PetroLogistics, which competes with units of Chevron Corp (CVX.N), ExxonMobil Corp (XOM.N) and Williams Cos (WMB.N), processes natural gas byproduct propane into propylene, used in consumer products to building materials.
Propane prices have risen in the last one year as production failed to keep pace with demand.
The company, which counts Dow Chemical Co (DOW.N) and units of Total and BASF Corp as its customers, could be hurt in the next few years as some of its top customers look to build their own propylene plants.
"Their major customers building their own plants will result in an increase in the number of plants and excess supply ... They stand to lose some of their customers," said Francis Gaskins, a partner at IPODesktop.com.
Resources companies that went public in the last one year have struggled to generate interest among investors due to volatility in crude oil and natural gas prices.
"Investors are staying away from energy plays," Jim Krapfel, an IPO analyst at Morningstar, said.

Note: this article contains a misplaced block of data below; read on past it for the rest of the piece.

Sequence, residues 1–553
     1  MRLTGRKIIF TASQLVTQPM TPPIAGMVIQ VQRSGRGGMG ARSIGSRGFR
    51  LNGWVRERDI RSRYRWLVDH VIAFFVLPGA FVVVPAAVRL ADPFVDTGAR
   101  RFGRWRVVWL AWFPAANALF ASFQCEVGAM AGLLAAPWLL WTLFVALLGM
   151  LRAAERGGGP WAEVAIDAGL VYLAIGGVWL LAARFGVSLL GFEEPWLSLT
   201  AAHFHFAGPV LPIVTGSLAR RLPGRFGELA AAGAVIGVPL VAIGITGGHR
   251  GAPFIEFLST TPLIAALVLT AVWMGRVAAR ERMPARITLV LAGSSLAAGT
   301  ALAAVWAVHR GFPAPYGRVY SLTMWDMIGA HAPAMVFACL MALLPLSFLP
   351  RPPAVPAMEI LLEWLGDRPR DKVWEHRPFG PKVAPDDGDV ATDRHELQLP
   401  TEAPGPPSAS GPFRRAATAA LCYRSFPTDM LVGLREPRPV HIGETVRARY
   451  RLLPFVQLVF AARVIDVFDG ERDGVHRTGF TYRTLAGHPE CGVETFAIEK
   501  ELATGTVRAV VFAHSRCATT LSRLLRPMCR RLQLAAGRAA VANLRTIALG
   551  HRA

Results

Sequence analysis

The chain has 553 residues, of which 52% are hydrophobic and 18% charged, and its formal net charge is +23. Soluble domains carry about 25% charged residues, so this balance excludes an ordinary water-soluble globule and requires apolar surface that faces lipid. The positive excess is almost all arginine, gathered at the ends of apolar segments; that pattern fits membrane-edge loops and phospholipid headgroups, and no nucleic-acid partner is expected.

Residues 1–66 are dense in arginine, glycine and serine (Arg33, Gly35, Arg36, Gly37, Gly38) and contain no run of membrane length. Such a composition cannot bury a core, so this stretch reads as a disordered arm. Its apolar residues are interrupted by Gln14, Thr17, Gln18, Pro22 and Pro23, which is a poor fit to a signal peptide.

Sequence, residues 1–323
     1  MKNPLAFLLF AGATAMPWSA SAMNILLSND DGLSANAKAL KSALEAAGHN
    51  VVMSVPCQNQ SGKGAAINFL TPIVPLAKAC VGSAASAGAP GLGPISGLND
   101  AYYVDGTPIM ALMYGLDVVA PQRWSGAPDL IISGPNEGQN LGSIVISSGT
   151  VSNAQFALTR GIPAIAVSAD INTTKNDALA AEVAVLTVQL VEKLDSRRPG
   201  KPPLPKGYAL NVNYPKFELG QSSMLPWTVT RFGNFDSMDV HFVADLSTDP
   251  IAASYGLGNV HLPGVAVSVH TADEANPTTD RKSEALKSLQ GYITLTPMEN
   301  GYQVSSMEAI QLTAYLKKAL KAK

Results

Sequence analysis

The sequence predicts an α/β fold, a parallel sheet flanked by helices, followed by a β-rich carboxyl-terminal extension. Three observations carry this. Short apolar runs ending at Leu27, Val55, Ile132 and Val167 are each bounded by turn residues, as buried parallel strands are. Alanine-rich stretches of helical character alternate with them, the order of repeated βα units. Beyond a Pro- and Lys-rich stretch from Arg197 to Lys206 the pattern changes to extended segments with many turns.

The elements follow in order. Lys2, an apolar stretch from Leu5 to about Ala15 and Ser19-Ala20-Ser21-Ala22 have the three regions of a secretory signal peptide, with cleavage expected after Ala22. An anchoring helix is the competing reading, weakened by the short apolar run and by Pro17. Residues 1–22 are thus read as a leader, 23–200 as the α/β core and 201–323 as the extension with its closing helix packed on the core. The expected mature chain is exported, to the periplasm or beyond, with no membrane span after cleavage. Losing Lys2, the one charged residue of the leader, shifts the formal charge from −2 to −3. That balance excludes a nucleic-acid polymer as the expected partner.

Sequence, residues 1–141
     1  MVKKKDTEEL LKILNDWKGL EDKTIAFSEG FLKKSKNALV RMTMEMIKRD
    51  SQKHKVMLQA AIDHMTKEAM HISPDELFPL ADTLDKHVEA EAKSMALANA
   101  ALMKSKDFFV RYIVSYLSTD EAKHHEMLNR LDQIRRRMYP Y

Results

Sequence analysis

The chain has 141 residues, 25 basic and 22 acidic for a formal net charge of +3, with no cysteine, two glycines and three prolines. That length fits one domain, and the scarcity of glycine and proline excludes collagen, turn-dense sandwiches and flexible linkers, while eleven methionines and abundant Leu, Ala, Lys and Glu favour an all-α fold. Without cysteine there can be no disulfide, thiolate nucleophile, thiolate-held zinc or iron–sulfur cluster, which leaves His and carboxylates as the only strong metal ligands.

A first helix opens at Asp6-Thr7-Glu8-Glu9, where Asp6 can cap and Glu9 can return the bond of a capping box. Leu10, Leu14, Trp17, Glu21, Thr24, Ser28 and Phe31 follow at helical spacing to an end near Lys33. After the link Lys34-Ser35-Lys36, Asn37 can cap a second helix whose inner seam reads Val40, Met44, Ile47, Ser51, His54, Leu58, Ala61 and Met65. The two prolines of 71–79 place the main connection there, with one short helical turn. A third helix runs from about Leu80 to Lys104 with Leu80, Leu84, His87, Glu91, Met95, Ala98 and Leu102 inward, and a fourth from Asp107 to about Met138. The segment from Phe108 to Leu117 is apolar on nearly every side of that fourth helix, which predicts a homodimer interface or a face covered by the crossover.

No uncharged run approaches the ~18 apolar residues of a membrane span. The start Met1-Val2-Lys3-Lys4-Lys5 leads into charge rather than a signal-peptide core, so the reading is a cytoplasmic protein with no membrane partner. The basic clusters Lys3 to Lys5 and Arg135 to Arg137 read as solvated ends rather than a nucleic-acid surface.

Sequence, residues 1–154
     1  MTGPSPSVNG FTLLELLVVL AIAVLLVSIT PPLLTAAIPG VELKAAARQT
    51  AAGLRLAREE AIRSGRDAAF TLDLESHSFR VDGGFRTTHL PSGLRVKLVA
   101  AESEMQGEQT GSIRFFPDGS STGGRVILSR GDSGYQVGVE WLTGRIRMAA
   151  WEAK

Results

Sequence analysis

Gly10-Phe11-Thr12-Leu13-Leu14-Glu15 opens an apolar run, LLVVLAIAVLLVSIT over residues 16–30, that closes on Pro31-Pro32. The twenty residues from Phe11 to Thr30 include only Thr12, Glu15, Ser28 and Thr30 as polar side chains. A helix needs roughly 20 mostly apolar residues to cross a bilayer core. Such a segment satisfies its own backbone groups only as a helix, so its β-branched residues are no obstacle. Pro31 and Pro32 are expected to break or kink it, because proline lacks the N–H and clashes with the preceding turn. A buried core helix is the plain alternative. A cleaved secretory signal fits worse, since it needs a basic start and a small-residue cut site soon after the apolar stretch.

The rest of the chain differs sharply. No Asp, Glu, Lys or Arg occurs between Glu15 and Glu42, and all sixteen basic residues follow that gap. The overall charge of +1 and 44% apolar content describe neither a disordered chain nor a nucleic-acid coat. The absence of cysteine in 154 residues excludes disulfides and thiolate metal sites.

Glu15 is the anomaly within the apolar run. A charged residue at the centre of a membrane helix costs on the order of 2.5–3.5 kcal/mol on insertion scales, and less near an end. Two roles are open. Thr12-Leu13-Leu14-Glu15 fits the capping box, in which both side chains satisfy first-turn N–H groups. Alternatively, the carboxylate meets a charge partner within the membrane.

"The stock is also flying under the radar and investors are focusing on companies they know well."
PetroLogistics, however, said it has benefited from cheaper natural gas, which has fallen to a decade low, while oil prices surge.
PetroLogistics' weak market debut after it sold 35 million units at the bottom of its already lowered price range of $17 to $19 per share, contrasts with a 20 percent rise in the shares of teen retailer Tilly's Inc in its debut.
After PetroLogistics' offering, private equity firms Lindsay Goldberg and York Capital own 63 percent of the company's common units.
Last year, PetroLogistics posted a profit of $21.9 million up from a loss of $39.7 million in 2010. Sales rose to $614.9 million from $30.4 million.
The Houston-based company's units closed down 3 percent at $16.50 on Friday on the New York Stock Exchange.
(Reporting by Ashutosh Pandey, Eileen Anupa Soreng and Jochelle Mendonca in Bangalore;